Living In The Moment

The world we live in is becoming such a distracting place. With the constant pull of our attention in all directions, it is becoming more and more difficult to focus our attention on any task for very long. It is so easy to squander valuable time by letting it slip away through the hustle and bustle of life. Managing our time won’t do much good if we are not able to manage where our mind wanders. Everyone struggle with distractions to some degree.

Life unfolds when we learn to live in the present moment. It is the only moment we have access to. It is all there is. Our decisions are made in the present moment. Our actions and emotions are experienced in the present moment. Life takes place in the present. When you stay present, you notice the movements of your mind. You observe the unfoldment of life both inside as well as outside.


Being mindful of the present is not an attempt to improve yourself or the effort to get you anywhere else. It is simply a matter of noticing where you already are. This is done intentionally and with non-judgment. It is the ability to focus on whatever you are doing so as not to be aware of the passing of time. Time passes by unnoticed, unobserved and unseized as we live our lives worrying about the future and ruminating about time past.

You can become mindful at any moment just by paying attention to your immediate experience. It’s natural to spend some moments of thought ruminating over past events. Identifying impending dangers through associations with things that have happened in the past teach us about self-preservation. They are pathways to information, knowledge and experience that enrich our lives. The mistakes and hurt that we experienced in the past help us become better people. Problems arise when we replay past memories in our heads like we replay an old movie.

There are only two days in the year that nothing can be done. One is called Yesterday and the other is called Tomorrow. So Today is the right day to love, believe, do and mostly live.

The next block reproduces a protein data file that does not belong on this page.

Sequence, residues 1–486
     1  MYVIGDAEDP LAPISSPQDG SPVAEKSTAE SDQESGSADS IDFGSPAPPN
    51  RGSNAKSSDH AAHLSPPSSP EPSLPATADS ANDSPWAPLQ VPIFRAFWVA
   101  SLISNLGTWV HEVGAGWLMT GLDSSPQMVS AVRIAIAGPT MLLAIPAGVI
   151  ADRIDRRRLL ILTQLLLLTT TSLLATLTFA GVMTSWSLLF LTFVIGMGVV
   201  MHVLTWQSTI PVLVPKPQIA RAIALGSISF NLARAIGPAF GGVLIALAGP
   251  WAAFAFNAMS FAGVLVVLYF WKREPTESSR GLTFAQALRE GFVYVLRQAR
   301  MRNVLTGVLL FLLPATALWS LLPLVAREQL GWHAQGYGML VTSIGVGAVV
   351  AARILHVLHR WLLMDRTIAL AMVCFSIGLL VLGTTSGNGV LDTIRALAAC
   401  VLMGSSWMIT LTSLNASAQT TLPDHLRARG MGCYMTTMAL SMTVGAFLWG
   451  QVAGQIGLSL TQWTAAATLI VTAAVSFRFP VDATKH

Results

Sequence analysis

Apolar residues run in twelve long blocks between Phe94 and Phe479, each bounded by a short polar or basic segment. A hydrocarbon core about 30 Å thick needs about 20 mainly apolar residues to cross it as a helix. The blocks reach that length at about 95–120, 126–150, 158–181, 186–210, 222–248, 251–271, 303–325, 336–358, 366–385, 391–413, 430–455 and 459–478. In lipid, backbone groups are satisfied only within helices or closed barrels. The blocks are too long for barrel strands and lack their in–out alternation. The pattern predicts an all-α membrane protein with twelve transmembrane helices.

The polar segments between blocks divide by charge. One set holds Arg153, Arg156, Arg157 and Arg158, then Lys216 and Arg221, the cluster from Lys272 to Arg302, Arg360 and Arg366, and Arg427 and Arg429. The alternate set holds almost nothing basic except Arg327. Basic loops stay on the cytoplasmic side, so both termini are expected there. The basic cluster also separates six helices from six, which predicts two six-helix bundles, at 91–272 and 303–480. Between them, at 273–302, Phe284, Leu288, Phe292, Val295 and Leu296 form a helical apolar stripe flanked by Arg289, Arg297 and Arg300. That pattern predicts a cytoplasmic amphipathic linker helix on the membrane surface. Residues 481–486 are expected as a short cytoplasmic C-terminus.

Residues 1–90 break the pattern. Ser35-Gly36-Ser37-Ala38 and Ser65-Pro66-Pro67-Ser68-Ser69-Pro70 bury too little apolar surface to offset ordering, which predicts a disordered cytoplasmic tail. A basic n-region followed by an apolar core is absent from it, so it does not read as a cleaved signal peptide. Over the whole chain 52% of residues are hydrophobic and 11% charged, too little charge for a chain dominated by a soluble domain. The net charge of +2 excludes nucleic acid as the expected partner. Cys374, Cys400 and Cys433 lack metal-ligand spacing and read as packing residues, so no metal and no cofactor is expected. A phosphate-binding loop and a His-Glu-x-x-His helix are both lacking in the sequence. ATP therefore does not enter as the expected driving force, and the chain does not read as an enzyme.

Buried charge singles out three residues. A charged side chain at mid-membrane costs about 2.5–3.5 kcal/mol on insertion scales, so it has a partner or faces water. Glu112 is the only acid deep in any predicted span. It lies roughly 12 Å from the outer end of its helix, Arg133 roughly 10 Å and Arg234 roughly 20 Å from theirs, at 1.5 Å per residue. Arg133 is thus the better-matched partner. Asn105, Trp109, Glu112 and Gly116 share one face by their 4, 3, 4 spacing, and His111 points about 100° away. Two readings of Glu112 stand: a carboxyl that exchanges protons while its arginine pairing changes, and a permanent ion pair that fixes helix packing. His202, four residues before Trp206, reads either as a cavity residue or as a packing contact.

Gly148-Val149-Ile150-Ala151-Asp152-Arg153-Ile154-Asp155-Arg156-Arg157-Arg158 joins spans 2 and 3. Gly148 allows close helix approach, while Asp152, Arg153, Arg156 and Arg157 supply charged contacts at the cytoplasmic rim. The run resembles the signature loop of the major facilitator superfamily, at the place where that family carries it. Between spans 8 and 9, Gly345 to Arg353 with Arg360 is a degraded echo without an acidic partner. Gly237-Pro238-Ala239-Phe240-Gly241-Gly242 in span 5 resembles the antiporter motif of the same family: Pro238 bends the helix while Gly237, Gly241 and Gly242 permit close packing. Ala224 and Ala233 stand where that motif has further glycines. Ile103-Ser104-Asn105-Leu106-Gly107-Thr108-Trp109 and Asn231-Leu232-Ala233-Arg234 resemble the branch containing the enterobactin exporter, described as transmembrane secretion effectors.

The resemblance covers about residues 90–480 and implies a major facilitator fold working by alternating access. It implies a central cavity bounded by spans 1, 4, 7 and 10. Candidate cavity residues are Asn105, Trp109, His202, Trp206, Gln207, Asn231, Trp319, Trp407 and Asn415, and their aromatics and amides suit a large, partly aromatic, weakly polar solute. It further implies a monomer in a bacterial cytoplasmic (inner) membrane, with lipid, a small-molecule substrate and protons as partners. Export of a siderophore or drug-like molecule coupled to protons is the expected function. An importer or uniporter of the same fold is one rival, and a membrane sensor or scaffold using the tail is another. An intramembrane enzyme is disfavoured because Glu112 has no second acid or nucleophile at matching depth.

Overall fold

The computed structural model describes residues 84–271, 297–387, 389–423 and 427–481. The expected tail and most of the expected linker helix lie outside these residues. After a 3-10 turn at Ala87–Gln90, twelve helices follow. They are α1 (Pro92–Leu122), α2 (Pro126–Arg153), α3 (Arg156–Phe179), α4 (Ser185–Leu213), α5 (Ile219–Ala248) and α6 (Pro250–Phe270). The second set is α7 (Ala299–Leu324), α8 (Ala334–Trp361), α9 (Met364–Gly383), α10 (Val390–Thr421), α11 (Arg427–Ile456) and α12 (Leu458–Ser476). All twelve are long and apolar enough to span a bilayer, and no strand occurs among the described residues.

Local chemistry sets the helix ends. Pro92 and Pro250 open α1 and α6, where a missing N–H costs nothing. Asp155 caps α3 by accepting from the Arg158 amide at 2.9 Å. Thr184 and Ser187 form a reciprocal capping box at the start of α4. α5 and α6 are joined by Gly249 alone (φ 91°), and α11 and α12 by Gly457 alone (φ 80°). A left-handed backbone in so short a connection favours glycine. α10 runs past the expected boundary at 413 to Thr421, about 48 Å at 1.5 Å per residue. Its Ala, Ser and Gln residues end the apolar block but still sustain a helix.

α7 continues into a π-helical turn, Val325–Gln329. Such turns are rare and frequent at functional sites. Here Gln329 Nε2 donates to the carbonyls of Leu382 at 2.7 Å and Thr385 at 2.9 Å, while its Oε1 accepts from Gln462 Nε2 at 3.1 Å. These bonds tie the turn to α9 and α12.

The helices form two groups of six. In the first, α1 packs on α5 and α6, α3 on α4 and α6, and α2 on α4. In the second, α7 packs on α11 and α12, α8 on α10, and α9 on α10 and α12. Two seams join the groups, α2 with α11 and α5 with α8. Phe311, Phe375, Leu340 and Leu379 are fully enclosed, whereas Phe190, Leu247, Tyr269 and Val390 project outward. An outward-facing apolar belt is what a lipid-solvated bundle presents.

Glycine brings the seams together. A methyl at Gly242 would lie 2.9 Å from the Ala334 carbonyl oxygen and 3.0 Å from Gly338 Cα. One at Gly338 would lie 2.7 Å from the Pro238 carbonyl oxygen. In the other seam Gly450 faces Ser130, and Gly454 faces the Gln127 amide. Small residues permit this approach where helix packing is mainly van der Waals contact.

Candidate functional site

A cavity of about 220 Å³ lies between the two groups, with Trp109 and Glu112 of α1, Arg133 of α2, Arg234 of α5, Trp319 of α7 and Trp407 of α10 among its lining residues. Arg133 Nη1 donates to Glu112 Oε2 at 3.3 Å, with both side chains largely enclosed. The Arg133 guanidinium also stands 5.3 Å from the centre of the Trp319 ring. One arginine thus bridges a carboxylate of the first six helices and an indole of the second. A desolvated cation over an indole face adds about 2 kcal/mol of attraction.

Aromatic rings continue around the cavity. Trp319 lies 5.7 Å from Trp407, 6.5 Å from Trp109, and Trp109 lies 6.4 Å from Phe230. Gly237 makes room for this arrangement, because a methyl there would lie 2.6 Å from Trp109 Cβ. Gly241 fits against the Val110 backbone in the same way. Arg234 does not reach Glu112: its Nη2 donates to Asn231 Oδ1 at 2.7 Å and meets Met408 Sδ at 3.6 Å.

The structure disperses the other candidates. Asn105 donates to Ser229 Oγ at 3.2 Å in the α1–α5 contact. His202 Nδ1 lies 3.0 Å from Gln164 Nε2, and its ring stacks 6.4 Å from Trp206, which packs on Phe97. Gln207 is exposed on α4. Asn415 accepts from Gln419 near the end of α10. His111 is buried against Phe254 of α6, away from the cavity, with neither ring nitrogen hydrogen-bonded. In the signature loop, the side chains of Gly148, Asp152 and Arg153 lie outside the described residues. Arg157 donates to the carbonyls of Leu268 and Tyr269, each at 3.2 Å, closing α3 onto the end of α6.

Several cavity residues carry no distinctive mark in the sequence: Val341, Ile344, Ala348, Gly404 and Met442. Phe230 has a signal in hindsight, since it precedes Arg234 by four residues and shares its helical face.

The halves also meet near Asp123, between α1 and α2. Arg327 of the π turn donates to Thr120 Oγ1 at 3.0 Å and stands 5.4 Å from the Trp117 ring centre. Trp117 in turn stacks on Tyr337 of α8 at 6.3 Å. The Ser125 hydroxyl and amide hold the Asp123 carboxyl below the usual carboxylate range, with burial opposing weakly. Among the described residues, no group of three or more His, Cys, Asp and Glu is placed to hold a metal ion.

– Dalai Lama


The past only happens in the mind, not in the real world. You cannot experience the past as you do in the present. You can bring up memories, but they are made only of thoughts and feelings.

Pondering about the future can be nothing more than a projection of possibilities. Thinking about future events and consequences is paramount to human survival. We need to anticipate certain events as a means of protection to keep us safe. Many people however, dwell on hypothetical situations and negative events that may never occur. They spend so much time playing out scenarios in their mind, predicting and pre-living future catastrophes.

Life consists of a finite amount of time. It is presented in a bountiful space of vast possibilities and opportunities. The past is gone and the future is not guaranteed. When we dwell in the past or worry about the future, we are missing out on life. We are dictated by thoughts and emotions attached to past events and potential future outcomes. In this state, being neutrally centered and peacefully rooted becomes a challenging task. Tunnel vision limits our perception of possibilities.


Mind-wandering becomes an almost automatic activity. If we are not aware of what we are thinking about, we are allowing our thoughts to overpower and control us rather than being in control. The continuous train of thoughts about past or future prevents us from living peacefully. Our minds are constantly preoccupied with an endless list of things, none of which is occurring right now. We are caught up in the illusion of time, mulling over what has happened or anticipating what is to come. This robs us of our joy by distracting us from those seemingly beautiful things that happen around us daily.